• Which reflection brings me to "win" three. I am not immune from the desire to hope that my work not only entertains people but maybe also supports and inspires them in some intangible way. With respect to support, I have over the years received mail from readers who tell me that my books have gotten them through a difficult time in one way or another, and that is both amazing and deeply humbling. Meanwhile, with respect to inspiration, I was myself inspired to write by reading certain works of fiction that strongly resonated with me. However, after publishing for so many years and watching a new generation of epic fantasy writers take the SFF genre by storm in a way that (to be honest) made me feel my work was invisible to them, I had to accept that maybe I hadn’t been an influential writer within the field, that I hadn’t inspired a new generation of writers…and then I wrote a YA novel and ventured into the YA world, with its different (if sometimes overlapping) population of writers from the adult SFF field. And over the last two years I have had multiple writers (all women) tell me I was an influence on them, or even that one of my series inspired them to try their hand at writing. Knowing that my work will reach into the next generation via the lines of influence and inspiration is maybe the biggest win of all. And I thank those writers for letting me know. Which reminds me: In this often brutal and exhausting world we live in, it is well worthwhile to thank people, compliment them, and just in general point out positives when the chance arises. That is a tide that lifts all boats.


R: I hope all those people apply to my Kate Elliott Fan Club (president: ME) one day. I'm not surprised; when I was first finding my footing in fantasy again in 2010 your name came up over and over and over. You have touched so many people without even knowing it. You're an important figure for those writers and readers, but who are the authors who fill that place for you, especially when you were younger?

KE: This is a fiction list only, in no particular order except roughly chronological (and I’m missing things that I forgot or don’t have in my library).
  • H. C. Andersen’s fairy tales (I’m Danish-American so I feel as if I’ve always known these by heart).
  • The Oz books by L. Frank Baum
  • J.R.R. Tolkien, specifically The Lord of the Rings and The Silmarillion
  • Ray Bradbury’s The Martian Chronicles
  • E. R. Eddison’s The Worm Ouroboros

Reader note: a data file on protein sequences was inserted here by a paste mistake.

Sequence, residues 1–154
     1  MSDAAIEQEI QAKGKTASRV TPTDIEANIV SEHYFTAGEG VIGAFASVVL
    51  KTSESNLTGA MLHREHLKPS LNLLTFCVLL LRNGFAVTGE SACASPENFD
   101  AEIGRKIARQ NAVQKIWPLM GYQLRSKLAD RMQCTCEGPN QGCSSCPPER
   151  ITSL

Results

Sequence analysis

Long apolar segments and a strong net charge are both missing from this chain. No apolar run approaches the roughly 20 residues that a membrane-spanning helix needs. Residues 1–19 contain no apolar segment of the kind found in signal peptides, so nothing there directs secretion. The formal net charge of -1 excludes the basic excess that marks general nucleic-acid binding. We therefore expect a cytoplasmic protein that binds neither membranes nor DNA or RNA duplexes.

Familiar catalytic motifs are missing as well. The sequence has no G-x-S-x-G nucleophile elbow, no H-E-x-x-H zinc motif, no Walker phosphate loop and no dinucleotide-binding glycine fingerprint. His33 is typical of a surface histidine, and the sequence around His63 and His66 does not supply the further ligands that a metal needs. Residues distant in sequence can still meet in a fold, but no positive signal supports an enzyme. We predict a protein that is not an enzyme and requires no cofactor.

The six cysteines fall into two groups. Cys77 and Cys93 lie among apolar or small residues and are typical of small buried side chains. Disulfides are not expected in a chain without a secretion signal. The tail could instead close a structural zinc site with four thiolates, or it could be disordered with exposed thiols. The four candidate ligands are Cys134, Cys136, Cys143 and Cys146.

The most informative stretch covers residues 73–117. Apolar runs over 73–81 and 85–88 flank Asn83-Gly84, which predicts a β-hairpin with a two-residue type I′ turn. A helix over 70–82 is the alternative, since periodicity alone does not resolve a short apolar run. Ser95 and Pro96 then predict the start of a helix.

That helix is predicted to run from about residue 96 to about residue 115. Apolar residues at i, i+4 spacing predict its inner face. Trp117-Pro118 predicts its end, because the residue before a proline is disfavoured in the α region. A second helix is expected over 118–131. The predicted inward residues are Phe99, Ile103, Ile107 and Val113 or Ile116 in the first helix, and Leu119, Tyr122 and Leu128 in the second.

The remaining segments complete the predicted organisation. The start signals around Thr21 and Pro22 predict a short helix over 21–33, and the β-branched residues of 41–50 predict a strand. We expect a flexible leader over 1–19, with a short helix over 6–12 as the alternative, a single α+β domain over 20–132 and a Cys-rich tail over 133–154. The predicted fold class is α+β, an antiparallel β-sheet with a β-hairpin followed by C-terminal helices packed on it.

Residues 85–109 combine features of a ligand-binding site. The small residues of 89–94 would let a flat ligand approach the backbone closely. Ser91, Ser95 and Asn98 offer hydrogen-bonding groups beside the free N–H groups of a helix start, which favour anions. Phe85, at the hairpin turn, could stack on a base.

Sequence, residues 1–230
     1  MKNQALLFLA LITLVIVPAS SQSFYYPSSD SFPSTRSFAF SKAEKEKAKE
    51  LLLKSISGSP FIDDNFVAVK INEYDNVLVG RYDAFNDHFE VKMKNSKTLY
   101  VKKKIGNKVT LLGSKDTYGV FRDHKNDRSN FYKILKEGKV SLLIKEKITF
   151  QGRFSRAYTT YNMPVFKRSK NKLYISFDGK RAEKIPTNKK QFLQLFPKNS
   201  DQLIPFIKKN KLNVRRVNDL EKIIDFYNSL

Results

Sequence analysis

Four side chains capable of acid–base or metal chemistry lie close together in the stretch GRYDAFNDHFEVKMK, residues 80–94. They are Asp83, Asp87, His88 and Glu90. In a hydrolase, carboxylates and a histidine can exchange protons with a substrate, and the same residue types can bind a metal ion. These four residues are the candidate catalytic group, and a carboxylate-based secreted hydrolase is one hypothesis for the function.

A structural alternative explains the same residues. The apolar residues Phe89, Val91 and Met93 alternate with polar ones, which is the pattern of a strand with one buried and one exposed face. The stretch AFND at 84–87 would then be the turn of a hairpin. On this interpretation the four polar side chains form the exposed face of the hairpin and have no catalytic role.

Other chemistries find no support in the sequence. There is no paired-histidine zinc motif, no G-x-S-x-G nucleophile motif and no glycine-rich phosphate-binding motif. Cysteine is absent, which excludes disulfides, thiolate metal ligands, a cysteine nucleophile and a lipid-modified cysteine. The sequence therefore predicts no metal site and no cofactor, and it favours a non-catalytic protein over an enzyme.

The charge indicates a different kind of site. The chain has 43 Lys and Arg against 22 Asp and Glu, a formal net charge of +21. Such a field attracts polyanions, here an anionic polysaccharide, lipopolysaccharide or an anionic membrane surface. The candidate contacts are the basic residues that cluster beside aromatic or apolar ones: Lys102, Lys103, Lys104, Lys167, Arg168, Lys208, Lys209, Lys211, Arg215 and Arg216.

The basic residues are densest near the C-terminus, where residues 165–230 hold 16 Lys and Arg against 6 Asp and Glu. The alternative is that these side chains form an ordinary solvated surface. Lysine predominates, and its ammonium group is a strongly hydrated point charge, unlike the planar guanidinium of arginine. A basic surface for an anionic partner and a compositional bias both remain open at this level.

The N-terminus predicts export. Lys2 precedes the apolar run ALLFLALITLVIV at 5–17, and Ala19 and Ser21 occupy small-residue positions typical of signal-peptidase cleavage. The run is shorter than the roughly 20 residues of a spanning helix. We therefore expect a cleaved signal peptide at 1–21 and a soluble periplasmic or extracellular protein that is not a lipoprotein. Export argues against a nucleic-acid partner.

• William Shakespeare (while in junior high and high school I saw many of his plays performed at Ashland Shakespeare Festival)
  • Ursula K. Le Guin, specifically The Left Hand of Darkness, The Dispossessed, and The Tombs of Atuan
  • Jane Austen and Charlotte Bronte
  • T. S. Eliot’s The Wasteland and The Four Quartets
  • Evangeline Walton’s Mabinogion quartet
  • Anne McCaffrey’s first Pern trilogy & the Harper Hall trilogy because while they have issues with respect to sexual & gender politics (and politics), women got to ride dragons
  • C.J. Cherryh’s early work (into the mid-80s); it was like nothing else I’d read
  • Vonda McIntyre, who was writing progressive social structures and complicated biological science into her SF long before it was "trendy" or widespread
  • Three DAW short fiction collections from the late 70s/early 80s: Tanith Lee’s collection Red as Blood and editor Jessica Amanda Salmonson’s Amazons and Amazons II anthologies
  • Following on from these a flood of women writers in the 1980s
  • Alan Garner’s The Weirdstone of Brisingamen & The Moon of Gomrath duology, for his brilliance and weirdness and sense of place and that claustrophobic tunnel scene, and for Angharad Goldenhand and Susan, oh Susan: "It was as though she was waking from a dream of a long yearning fulfilled to the cold morning of a world too empty to bear."


R: Fast-forwarding to the future, what 21st century SFF writers are inspiring you and creating books you love? How do you think their books are going to change the future of genre?

KE: I love the new writers who are emerging in the 21st century, and I can’t even scratch the surface because there are so many fabulous creators creating right now. Isabel Yap, Vida Cruz, Ken Liu, Naaman Gobert Tilahun, Aliette de Bodard, Alessa Hinlo, JY Yang (and fifty more I haven’t mentioned because of space reasons).

They are turning SFF inside out with the fresh perspectives that the genre needs to stay vivid and alive rather than stagnating like a pond with no inflow or drainage. Rose Lemberg, Cindy Pon, Malinda Lo, N.K. Jemisin, Ann Leckie, Tobias Buckell, Matt Wallace, Foz Meadows, Alyssa Wong, Daniel Heath Justice (and fifty more I haven’t mentioned because of space reasons).

I read more novels than anything, but SFF has become mainstream in short fiction, light novels, manga and comics, gaming, TV, and film as well, which is amazing to me considering how niche and slightly embarrassing the genre tropes were considered to be when I first discovered it as a teen. Taneka Stotts and Sara DuVall’s Deja Brew for its vertical imagination, Marjorie Liu and Sana Takeda’s gory, complex vision in Monstress, Hayao Miyazaki (I know he doesn’t count but I don’t care I’m going to include him and Studio Ghibli anyway), my daughter Rhiannon Rasmussen-Silverstein (she inspires me tremendously with her weird and horror tinged imagination), Marguerite Abouet and Clement Oubrerie’s Aya of Yop City that got me through the worst two months of my life with its cheerful depiction of three friends getting along in a fictional 1970s West African city.